US academic urges Dean Foods to remove omega-3 DHA reference

By Mark Astley

- Last updated on GMT

Related tags: Omega-3 fatty acids, Omega-3 fatty acid

Academic asks Dean Foods to remove DHA research reference
A US academic has called on Dean Foods to remove a reference to research she conducted on the intake of omega-3 fatty acids from cartons of its DHA-enriched milk range.

Cartons of the Horizon Organic Milk enhanced with DHA Omega-3 range, which are manufactured by Dean Foods’ division WhiteWave Foods, reference a paper written by Penn State University professor of nutrition Penny Kris-Etherton.

The cited report, Polyunsaturated Fatty Acids in the Food Chain in the United States,​ claims that Americans do not consume enough Omega-3 fatty acids such as DHA, which is also known as docosahexaenoic acid.

Kris-Etherton has called on Dean Foods to remove the reference because some of the statements on the carton are not supported by her work.

Her request has been backed by the American Journal of Clinical Nutrition, which published the cited paper.

Sufficient omega-3 fatty acids

“Yes, I asked Dean Foods to remove the reference from the carton because some of the statements on the carton were not supported by information in our paper,” ​Kris-Etherton told

“Even though the one statement about the fact we do not get sufficient omega-3 fatty acids in the diet, could be supported by citations in our paper, there were several other statements on the carton that were not supported by our article.”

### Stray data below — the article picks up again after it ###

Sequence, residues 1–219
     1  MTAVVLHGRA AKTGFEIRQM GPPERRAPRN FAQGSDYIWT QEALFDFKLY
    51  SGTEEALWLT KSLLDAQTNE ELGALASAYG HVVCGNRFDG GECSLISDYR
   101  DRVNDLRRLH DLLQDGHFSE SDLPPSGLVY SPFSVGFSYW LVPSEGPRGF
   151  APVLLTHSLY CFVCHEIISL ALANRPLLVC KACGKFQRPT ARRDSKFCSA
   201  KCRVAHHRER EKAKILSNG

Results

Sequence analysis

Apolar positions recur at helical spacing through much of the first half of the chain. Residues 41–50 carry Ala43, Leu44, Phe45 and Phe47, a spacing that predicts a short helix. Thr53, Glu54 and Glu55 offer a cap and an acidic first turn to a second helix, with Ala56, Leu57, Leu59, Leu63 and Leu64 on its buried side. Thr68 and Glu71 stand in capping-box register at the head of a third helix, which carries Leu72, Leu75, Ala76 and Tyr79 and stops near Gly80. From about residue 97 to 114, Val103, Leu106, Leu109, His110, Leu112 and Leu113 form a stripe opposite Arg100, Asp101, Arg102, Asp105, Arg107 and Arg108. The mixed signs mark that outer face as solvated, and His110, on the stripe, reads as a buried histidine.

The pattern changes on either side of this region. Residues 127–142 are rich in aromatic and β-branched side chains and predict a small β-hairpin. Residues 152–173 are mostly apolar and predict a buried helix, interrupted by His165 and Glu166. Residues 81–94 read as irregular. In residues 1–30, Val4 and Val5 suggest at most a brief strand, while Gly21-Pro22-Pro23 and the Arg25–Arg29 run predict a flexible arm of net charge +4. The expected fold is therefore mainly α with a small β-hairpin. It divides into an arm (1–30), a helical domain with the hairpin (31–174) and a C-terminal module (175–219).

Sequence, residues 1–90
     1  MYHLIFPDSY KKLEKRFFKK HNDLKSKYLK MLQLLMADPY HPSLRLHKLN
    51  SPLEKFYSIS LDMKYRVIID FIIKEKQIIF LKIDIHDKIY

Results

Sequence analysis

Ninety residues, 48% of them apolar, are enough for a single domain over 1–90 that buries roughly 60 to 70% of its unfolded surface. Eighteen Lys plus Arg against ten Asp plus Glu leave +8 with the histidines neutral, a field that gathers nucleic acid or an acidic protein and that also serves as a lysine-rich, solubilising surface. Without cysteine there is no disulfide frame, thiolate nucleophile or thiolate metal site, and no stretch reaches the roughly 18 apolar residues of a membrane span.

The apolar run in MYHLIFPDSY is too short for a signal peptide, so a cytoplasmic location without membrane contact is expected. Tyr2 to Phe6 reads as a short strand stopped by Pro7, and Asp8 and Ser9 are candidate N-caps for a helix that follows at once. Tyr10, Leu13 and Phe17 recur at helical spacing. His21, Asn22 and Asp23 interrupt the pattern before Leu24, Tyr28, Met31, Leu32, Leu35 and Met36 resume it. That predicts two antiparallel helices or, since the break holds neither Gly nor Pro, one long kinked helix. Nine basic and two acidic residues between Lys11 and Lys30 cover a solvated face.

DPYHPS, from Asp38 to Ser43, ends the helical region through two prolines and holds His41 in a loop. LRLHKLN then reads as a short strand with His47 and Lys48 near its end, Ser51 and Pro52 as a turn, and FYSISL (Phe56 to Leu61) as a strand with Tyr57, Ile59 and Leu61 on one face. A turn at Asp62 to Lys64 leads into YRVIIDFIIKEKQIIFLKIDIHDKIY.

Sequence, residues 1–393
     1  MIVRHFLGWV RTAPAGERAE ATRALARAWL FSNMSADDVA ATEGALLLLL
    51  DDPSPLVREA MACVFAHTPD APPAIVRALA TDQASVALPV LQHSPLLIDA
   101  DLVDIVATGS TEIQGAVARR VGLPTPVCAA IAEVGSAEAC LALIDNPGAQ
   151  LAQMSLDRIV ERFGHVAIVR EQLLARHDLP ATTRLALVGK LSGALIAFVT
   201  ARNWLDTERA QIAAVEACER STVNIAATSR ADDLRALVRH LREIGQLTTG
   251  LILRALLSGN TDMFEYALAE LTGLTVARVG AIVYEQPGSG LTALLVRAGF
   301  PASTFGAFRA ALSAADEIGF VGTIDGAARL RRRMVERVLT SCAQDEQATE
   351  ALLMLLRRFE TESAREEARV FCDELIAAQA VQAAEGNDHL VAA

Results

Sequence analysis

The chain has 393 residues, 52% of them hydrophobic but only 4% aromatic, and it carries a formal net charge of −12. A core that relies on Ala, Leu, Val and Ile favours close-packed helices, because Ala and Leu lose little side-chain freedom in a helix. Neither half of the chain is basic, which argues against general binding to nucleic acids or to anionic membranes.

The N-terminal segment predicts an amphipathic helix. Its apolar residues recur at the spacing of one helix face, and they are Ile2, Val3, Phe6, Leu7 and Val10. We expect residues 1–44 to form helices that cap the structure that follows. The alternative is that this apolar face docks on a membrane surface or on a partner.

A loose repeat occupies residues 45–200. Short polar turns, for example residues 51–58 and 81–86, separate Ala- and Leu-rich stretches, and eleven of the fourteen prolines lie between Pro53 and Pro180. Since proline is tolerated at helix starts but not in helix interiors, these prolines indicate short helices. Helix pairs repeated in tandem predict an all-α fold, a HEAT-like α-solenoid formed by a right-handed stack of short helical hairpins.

“These latter statements were not linked to the reference; however, most consumers would think that they were supported by the article if they did not carefully ‘read the fine print’.”

Kris-Etherton added that Dean Foods is likely remove the reference when they next print cartons for the product. approached WhiteWave Foods to confirm if and when it would remove the reference, but no response was forthcoming before publication.

The Horizon Dairy website has continued to reference Kris-Etherton’s research.

US DHA intake

According to Kris-Etherton’s report, intake of omega-3 fatty acids, such as alpha-linolenic acid (APA), eicosapentaenoic acid (EPA) and DHA, in the US is approximately 1.6g per day (g/d).

“Attaining the proposed recommended combined EPA and DHA intake of 0.65g/d will require an approximately 4-fold increase in fish consumption in the United States.”

“Alternative strategies, such as food enrichment and the use of biotechnology to manipulate the EPA and DHA as well as ALA contents of the food supply, will become increasingly important in increasing n-3 fatty acid intake in the US population,” ​said the report.

Related topics: R&D, Dairy-based ingredients

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